• Aerial photograph of the dominant fissure 3 erupting on the Northeast Rift Zone of Mauna Loa, taken at approximately 8 a.m. HST November 29, 2022. Fissure 3 fountains were up to 25 m (82 ft) this morning and the vent was feeding the main lava flow to the northeast. USGS photo by M. Patrick.
  • This image, taken during a helicopter overflight on the afternoon of November 29, shows the advancing flow front from Mauna Loa. This flow was erupted from a vent high up on the Northeast Rift Zone and is flowing to the north. USGS image by L. Gallant.
  • Photograph taken from Saddle Road at 6AM Hawaii time on November 29, 2022 shows lava flows moving northeast downslope of Mauna Loa volcano from the Northeast Rift Zone eruption. PC: USGS/HVO
  • Photograph taken from Saddle Road at 6AM Hawaii time on November 29, 2022 shows lava flows moving northeast downslope of Mauna Loa volcano from the Northeast Rift Zone eruption. PC: USGS/HVO
  • Aerial view of the lava flows on the northeast flank of Mauna Loa, taken during a morning overflight on November 29, 2022. These lava flows are moving in a northeast direction, being fed by fissure vents on the Northeast Rift Zone. USGS photo by M. Patrick.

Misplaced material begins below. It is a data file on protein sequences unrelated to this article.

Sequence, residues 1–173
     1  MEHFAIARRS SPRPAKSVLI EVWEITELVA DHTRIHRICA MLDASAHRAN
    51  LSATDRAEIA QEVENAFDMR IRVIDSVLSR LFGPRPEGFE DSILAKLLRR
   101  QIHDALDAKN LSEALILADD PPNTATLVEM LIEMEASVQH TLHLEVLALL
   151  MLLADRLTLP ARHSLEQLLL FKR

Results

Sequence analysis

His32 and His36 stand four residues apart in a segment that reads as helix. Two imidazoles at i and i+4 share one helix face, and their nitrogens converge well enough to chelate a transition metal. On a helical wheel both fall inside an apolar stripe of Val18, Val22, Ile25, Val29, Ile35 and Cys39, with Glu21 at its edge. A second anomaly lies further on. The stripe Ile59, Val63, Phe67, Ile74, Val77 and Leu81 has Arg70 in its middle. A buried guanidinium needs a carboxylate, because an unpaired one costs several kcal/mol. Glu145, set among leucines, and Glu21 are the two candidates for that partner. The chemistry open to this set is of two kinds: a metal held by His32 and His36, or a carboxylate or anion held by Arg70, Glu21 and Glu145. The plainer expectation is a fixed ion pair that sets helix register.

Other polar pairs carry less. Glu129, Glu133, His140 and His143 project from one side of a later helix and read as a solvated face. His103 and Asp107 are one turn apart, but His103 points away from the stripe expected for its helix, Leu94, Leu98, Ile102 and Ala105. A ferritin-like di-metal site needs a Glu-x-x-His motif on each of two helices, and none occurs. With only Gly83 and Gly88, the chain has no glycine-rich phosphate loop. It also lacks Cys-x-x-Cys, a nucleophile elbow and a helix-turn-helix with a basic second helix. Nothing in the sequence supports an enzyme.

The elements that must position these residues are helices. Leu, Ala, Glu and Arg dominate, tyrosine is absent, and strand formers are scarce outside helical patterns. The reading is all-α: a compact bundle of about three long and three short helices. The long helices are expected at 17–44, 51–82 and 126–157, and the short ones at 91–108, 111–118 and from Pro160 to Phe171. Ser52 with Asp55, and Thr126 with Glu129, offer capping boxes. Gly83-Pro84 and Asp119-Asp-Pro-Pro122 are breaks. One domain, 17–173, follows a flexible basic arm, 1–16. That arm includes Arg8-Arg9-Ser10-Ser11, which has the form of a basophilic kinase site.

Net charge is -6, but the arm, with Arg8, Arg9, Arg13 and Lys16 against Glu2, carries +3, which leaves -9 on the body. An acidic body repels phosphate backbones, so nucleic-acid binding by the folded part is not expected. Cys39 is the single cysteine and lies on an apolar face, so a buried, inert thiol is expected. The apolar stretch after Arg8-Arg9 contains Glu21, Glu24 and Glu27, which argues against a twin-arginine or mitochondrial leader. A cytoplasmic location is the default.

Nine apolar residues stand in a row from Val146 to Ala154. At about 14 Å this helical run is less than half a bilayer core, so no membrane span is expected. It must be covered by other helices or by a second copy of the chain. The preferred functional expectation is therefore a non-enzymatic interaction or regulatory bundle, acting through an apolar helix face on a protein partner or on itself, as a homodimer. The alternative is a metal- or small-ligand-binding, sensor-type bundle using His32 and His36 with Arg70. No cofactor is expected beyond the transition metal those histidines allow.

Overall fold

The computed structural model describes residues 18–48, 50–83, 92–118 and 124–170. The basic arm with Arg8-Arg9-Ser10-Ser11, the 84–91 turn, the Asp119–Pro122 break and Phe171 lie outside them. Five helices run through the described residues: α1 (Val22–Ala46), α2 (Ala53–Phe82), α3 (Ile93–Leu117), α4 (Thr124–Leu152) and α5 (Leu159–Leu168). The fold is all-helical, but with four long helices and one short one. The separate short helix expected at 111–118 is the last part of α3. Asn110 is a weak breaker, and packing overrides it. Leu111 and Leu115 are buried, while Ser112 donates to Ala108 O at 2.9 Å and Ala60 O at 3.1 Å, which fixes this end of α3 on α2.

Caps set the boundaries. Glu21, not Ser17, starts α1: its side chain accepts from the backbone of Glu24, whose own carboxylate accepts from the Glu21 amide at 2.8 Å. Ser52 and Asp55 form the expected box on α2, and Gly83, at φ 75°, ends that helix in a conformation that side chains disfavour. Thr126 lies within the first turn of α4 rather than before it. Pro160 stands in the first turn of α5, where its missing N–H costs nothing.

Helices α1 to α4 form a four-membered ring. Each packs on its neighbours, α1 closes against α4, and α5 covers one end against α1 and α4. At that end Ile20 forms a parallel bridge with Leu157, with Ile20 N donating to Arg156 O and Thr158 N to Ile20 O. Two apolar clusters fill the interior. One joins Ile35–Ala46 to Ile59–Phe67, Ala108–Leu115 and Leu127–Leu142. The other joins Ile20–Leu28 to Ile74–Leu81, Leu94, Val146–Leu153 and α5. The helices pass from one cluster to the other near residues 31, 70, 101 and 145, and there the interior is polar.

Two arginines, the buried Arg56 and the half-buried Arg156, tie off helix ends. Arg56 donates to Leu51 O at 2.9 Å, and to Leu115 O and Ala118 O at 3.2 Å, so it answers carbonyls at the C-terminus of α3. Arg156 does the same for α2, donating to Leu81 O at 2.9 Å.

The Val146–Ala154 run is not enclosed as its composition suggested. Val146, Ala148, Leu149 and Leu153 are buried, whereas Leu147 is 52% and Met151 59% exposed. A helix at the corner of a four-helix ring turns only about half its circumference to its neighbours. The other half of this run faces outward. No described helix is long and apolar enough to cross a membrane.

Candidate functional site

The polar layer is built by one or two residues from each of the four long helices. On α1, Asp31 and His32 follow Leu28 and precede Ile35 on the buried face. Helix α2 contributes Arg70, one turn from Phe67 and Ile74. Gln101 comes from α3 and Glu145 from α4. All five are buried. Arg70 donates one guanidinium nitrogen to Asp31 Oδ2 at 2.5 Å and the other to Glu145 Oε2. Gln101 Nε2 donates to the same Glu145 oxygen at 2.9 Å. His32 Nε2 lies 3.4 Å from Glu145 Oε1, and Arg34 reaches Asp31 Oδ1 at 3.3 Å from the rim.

Seismic activity being monitored;
Flow front is 3 miles from Daniel K Inouye Highway

Update: 9:13 a.m., Wednesday, Nov. 30, 2022

Seismic monitoring from the Hawaiian Volcano Observatory continues to detect tremor (high rates of earthquakes) in the location of the currently active fissures. “This indicates that magma is still being supplied, and activity is likely to continue as long as we see this signal,” according to an HVO update on Wednesday morning.

The County of Hawaiʻi Civil Defense agency reports that the front is about 3 miles from the Daniel K. Inouye Highway, above the 7,000 foot elevation.

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At current lava flow rates, the Hawaiʻi EMA says it would take at least 46 hours to reach the road, but the flow will slow more and spread out as it moved onto flatter ground, and there’s also a possibility that it could shift direction.

The agency issued a series of Tweets this morning, including one advising that if state transportation officials decide to close the road, it would take about six hours, allowing for advance notification to the public.